Filling with Precision

Filling equipment for the pharmaceutical industry.

Erik Swain, Senior Editor

Service Industries's upper manifold designed for slat fillers has fewer pieces to clean due to the reduced component count.

Accuracy is crucial for filling equipment in the pharmaceutical industry. For liquids, overfills can cause some drugs to become too strong or too toxic, while underfills can compromise some drugs' effectiveness. For tablets and capsules, undercounts can unexpectedly deprive patients of medication, while broken pills can lead to inadequate dosages.

It is therefore incumbent on the manufacturers of filling equipment to provide the best accuracy possible. In recent years, many have risen to the challenge, thanks to improvements in sensors and other aspects of motion control, and better design of systems and their parts. At the same time, many of these improvements have also brought other positive developments, such as fewer change parts. Nonetheless, before proceeding with a purchase of filling equipment, pharmaceutical firms need to make sure that the accuracy claims for these new systems are statistically sound.


There are three main ways to ensure liquid fill accuracy, and all have been refined in recent years: volumetric filling, time/pressure dosing, and net weight filling.

The new breed of volumetric pumps can dose ±0.25% absolute of nominal fill weight and may provide the most accuracy attainable, says Oliver Bausch, vice president of Bausch + Stroebel Machine Company, Inc. (Clinton, CT). "Because volumetric pumps are valveless and sealless, they have been very successful in handling and accuracy," he says. "The dosing pump, because it is separate from the drive system, can be easily exchanged on the machine."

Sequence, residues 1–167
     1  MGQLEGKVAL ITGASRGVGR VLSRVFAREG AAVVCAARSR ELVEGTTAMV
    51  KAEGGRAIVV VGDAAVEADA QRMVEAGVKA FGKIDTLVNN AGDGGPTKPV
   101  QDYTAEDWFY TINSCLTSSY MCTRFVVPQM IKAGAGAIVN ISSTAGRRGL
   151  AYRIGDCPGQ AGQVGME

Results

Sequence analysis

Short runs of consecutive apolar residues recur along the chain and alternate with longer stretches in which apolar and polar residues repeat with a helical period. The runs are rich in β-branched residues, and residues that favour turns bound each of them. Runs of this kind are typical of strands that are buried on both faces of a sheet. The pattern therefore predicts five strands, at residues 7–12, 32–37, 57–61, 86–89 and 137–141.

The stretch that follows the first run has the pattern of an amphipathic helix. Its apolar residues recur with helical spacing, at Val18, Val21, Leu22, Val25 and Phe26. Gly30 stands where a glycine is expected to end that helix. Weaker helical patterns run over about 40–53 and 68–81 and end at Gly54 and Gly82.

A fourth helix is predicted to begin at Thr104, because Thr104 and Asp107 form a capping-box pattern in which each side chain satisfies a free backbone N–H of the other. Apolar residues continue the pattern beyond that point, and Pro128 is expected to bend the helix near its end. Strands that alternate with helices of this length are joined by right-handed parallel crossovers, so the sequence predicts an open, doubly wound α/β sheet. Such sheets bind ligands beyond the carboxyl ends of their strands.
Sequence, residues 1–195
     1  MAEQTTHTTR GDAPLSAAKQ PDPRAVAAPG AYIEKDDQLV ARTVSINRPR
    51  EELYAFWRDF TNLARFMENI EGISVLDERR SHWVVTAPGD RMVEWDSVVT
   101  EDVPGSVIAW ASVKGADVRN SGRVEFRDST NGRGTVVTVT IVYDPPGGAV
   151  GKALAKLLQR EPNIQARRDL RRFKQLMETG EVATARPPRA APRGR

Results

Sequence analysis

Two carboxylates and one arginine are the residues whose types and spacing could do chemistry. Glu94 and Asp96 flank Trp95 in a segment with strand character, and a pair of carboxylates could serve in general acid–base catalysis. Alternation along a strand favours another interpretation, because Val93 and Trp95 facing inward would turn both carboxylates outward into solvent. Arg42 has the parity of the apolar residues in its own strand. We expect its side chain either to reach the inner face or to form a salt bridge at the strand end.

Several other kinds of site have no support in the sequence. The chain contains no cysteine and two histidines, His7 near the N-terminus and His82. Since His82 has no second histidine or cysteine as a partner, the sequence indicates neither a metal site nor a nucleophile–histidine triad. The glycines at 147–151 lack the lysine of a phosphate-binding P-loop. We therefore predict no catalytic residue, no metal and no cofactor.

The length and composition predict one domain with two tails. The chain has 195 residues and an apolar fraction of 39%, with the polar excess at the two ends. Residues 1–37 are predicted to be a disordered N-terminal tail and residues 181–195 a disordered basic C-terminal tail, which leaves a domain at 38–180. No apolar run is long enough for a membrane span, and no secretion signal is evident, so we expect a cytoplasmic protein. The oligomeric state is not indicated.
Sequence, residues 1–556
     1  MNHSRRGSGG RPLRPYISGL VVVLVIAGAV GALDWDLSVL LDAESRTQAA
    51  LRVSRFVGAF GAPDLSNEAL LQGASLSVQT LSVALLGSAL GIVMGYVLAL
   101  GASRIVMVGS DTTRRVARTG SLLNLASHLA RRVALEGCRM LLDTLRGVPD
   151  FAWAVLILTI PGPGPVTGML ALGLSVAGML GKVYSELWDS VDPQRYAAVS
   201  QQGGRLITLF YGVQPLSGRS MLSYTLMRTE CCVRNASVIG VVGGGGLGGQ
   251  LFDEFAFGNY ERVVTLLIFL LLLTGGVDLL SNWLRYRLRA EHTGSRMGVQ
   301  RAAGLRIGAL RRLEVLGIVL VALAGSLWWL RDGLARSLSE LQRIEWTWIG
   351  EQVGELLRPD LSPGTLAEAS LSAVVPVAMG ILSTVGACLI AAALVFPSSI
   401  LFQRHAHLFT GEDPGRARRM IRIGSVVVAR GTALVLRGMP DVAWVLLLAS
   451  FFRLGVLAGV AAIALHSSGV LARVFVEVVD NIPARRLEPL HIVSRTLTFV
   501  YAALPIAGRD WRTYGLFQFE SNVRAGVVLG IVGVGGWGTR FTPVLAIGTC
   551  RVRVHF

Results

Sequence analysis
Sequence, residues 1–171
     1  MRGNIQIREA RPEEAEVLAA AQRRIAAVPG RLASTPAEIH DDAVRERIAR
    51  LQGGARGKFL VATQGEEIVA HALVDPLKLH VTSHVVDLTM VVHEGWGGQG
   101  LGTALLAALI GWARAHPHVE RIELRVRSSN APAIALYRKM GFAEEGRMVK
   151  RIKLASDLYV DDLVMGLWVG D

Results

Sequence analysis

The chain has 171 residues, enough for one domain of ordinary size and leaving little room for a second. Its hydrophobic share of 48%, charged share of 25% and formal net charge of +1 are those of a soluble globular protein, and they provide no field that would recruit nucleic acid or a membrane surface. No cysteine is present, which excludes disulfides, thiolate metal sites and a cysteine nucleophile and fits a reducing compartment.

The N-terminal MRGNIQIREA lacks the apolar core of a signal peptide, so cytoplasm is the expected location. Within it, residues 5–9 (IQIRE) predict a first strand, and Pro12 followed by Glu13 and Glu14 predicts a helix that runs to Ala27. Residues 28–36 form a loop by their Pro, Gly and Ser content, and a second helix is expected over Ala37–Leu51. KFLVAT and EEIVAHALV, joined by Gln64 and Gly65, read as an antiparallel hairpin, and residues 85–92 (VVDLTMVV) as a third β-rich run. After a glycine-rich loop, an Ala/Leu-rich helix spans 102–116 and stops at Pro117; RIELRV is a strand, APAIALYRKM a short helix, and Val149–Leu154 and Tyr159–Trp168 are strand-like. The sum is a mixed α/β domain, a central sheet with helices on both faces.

While maybe not quite as accurate, time/pressure dosing systems have their advantages too, he says. "A big advantage of the time-pressure dosing system is that it does not contain any mechanical moving parts in the product stream," he says. "The product is driven by pressure from nitrogen or sterile air. No pumping mechanism is involved. When the fill target is reached, the filling hose is pinched by a special pinching mechanism."

Nonetheless, there have been breakthroughs in the accuracy of time/pressure dosing systems, too, says Bill Arden, marketing manager at Bosch Packaging Technology (Minneapolis).

"The biggest improvement has been to bring the technology of time/ pressure filling under control. With advancements in software and microprocessors to close the feedback loop, we are now able to correct temperature and pressure in something like real time and with minimal product contact parts. This is more accurate than the alternative, which is peristaltic pumps. Lower cost is one advantage of having no pumps (either diaphragms or pistons). Also, instead of cleaning or sterilizing the product contact parts, it is easier to replace them, in which case the old parts are removed and disposed of, often by burning. The simpler the product path, the better."

Bausch notes, however, that "the issue with time/pressure is that you don't have positive control of the flow. Fill volume is based on a calculation using time, pressure, and temperature; no actual flow is measured. It's based on calculations, and you're more or less going on an assumption of what falls into the vial. Therefore, we recommend an in-process control station. It allows easy setup and operation of the filling system to reach the targeted fill volume, with verification of the actual fill."

Net-weight systems are less common and tend to be used for expensive products. But they are coming into favor with products that have inconsistent densities, says Brian Baker, president of AMS Filling Systems Inc. (Honey Brook, PA).